This research is part of the CALIPO project (TIC 2003-07804-C05-03), supported by the pp. 227-248
q Emerald Group Publishing Limited
Ministerio de Ciencia y Tecnologa, and the MESSENGER project (PCC-03-003-1), financed by 1468-4527
Consejera de Ciencia y Tecnologa de la Junta de Comunidades de Castilla-La Mancha (Spain). DOI 10.1108/14684520510607560
OIR fact that WISE can provide realistic estimates early in a web applications life cycle
29,3 allows project managers and development organizations to manage resources
effectively (Mendes et al., 2001).
WISE aims to improve the quality of web sites, since according to Offutt (2002),
high quality is the only mechanism that brings repeat users to web sites. Quality,
however, is not always assured (Abrahao and Pastor, 2003; Cutter Consortium, 2000),
228 perhaps because it is not universally definable and measurable (Ciancarini and Moretti,
2003). As stated in Kappel et al. (2004), a survey conducted by the Cutter Consortium
(2000) found that the main problem areas of large-scale web application projects were
failure to meet business needs (84 percent), project schedule delays (79 percent), budget
overrun (63 percent), lack of required functionality (53 percent), and poor quality of
deliverables (52 percent). This can be explained by the fact that web applications
usually present disordered architectures, poor or non-existing documentation, and can
only be analyzed, comprehended and modified with considerable effort (Di Lucca et al.,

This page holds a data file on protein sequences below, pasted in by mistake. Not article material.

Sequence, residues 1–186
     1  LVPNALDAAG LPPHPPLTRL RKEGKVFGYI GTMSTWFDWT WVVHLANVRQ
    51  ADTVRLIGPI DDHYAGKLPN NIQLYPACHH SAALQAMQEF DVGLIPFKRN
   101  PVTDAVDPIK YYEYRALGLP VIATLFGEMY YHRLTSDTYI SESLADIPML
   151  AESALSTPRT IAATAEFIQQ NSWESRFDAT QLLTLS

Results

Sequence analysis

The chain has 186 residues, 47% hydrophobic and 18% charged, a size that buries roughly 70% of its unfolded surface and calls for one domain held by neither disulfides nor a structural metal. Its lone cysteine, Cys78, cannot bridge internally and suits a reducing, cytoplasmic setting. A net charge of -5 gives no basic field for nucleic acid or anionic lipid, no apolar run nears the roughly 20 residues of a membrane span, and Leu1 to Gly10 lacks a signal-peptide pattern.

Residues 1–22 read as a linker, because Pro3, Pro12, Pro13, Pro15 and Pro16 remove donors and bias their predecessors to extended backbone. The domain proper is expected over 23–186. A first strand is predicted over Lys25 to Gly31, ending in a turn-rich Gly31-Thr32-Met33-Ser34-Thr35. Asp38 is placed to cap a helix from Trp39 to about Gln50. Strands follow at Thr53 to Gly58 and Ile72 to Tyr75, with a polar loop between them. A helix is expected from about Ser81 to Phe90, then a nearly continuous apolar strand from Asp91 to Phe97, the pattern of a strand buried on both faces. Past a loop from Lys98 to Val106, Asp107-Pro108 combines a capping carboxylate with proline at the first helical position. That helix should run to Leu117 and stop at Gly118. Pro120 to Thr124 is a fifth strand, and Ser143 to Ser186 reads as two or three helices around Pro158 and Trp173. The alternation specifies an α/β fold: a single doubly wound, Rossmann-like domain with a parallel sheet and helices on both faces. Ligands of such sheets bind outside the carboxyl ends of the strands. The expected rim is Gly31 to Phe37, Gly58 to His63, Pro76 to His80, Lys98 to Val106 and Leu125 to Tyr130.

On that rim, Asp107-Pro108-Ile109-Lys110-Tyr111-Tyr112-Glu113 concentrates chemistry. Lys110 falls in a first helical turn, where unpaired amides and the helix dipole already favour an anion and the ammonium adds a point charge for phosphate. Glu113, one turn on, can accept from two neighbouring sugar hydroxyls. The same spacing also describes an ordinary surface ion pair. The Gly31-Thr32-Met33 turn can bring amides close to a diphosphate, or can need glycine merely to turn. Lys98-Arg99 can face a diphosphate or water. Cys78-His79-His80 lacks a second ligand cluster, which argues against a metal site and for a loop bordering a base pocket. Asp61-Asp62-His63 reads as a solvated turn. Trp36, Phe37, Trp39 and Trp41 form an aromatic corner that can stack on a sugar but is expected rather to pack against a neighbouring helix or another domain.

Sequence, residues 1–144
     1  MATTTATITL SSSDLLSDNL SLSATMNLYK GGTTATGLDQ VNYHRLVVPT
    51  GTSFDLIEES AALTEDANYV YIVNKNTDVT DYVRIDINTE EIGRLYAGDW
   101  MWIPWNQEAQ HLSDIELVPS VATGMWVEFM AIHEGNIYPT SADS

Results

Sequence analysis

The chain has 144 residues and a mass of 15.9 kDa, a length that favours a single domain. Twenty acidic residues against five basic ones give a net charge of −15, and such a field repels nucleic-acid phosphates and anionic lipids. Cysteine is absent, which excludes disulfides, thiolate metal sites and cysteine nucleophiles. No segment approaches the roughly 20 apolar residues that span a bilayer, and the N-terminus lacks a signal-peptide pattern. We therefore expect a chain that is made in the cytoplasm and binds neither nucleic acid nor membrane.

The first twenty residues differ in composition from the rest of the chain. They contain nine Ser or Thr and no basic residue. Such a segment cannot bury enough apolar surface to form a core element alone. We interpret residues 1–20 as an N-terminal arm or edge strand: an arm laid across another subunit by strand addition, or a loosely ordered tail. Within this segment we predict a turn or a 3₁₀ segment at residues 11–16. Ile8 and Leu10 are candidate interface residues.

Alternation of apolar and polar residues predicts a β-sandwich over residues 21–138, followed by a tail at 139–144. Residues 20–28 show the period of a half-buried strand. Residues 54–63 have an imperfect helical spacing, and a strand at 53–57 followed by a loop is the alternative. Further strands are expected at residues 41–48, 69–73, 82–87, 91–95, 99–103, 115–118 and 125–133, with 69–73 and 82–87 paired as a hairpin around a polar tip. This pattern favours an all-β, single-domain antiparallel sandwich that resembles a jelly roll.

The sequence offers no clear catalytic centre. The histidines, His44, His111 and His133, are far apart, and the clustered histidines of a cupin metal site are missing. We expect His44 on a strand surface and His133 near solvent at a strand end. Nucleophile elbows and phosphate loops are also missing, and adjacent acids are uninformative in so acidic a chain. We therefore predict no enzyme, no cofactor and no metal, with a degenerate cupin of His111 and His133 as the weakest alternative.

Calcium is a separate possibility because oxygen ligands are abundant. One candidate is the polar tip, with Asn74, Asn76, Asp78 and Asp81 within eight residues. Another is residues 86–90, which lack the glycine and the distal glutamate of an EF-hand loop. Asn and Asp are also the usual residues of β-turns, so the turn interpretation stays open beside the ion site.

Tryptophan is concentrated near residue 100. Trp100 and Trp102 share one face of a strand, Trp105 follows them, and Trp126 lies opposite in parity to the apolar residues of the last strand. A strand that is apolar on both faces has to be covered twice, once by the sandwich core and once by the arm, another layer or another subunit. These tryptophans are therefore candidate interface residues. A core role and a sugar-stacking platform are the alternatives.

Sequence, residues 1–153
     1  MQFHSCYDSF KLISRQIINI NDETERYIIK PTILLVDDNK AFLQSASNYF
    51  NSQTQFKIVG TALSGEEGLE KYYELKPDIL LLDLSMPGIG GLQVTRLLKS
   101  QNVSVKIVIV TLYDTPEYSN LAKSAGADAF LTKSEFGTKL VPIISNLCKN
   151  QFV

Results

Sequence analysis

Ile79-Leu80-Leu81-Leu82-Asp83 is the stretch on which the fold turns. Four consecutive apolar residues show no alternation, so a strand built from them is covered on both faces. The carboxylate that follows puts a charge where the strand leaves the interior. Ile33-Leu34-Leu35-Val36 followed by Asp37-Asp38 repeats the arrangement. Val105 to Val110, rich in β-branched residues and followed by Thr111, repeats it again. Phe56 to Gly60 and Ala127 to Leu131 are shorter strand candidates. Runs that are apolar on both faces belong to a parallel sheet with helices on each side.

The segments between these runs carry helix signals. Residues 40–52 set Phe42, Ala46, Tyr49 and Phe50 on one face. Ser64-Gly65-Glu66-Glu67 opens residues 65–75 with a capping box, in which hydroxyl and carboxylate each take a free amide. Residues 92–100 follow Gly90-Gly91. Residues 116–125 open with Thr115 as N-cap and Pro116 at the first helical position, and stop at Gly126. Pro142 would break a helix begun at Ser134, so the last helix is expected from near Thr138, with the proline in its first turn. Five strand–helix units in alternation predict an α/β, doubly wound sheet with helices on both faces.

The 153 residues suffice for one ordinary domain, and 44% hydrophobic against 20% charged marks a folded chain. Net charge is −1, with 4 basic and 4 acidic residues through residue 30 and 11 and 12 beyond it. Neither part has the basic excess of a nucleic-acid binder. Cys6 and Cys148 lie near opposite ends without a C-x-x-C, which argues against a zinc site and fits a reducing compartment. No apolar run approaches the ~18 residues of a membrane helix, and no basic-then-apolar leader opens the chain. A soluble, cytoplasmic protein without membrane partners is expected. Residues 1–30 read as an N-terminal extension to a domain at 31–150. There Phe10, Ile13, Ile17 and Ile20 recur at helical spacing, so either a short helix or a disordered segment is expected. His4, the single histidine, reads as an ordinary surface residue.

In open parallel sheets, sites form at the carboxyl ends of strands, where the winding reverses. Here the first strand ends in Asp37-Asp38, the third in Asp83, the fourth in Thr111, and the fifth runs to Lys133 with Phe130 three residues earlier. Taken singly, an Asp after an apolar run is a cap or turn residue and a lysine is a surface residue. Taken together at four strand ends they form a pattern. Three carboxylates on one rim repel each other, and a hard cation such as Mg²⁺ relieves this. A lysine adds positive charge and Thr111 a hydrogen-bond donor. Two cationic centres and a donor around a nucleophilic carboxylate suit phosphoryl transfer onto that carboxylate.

2004).
In recent years, several experts have worked on different proposals to improve web
quality, including methodologies (Castro et al., 2004; Ceri et al., 2000, 2004; Gomez et al.,
2001; Hennicker and Koch, 2000; Olsina et al., 2001), quality frameworks (Donaldson
and Cowderoy, 1997; Katterattanakul and Siau, 2001), estimation models (Mendes et al.,
2001), criteria (W3C WWW Consortium, 1999), usability guidelines (Krug, 2000;
Nielsen, 2000), assessment methods (Schubert, 2003), and metrics.
In fact, web metrics is a particularly valuable area of ongoing, commercially
relevant research (Ruhe et al., 2003a, b). Since the 1990s, a wide ranging set of metrics
has been proposed for quantifying web quality attributes (Abrahao et al., 2003; Alves
de Silva and Ponti de Mattos Fortes, 2001; Bajaj and Krishnan, 1999; Baresi et al., 2003;
Botafogo et al., 1992; Costagliola et al., 2004; Dhyani et al., 2002; Di Lucca et al., 2004;
Fink, 2001; Herder, 2002; Henzinger, 2001; Ivory 2001, 2003; Ivory and Hearst, 2001;
Ivory et al., 2001; Lafuente et al., 2001; Mendes and Counsell, 2000; Mendes et al., 2001,
2002a, b, 2003; Morisio et al., 1999; Olsina, 2000; Olsina et al., 2001, 2003; Olsina and
Rossi, 2002; Reifer, 2000, 2002a, b; Rivlin et al., 1994; Rollo, 2000; Ruhe et al., 2003a;
Umbers and Miles, 2004; Warren et al., 2001). Nevertheless, these metrics are
sometimes not well defined and nor are they empirically or theoretically validated, and
hence they can confuse interested users instead of helping them.
Recently, Dhyani et al. (2002) have proposed a web classification framework to try
to determine how the classified metrics can be applied to improve web information